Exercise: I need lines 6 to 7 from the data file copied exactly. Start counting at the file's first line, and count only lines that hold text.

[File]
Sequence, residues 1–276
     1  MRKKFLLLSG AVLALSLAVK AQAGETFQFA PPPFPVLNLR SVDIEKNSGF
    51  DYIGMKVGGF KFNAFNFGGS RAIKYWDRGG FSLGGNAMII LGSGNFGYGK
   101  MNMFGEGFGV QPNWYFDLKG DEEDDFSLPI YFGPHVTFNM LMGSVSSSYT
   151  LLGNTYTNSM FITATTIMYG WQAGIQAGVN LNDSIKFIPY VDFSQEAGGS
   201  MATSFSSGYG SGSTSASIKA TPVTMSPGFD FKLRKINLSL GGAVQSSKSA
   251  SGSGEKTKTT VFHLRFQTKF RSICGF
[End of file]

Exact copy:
   201  MATSFSSGYG SGSTSASIKA TPVTMSPGFD FKLRKINLSL GGAVQSSKSA
   251  SGSGEKTKTT VFHLRFQTKF RSICGF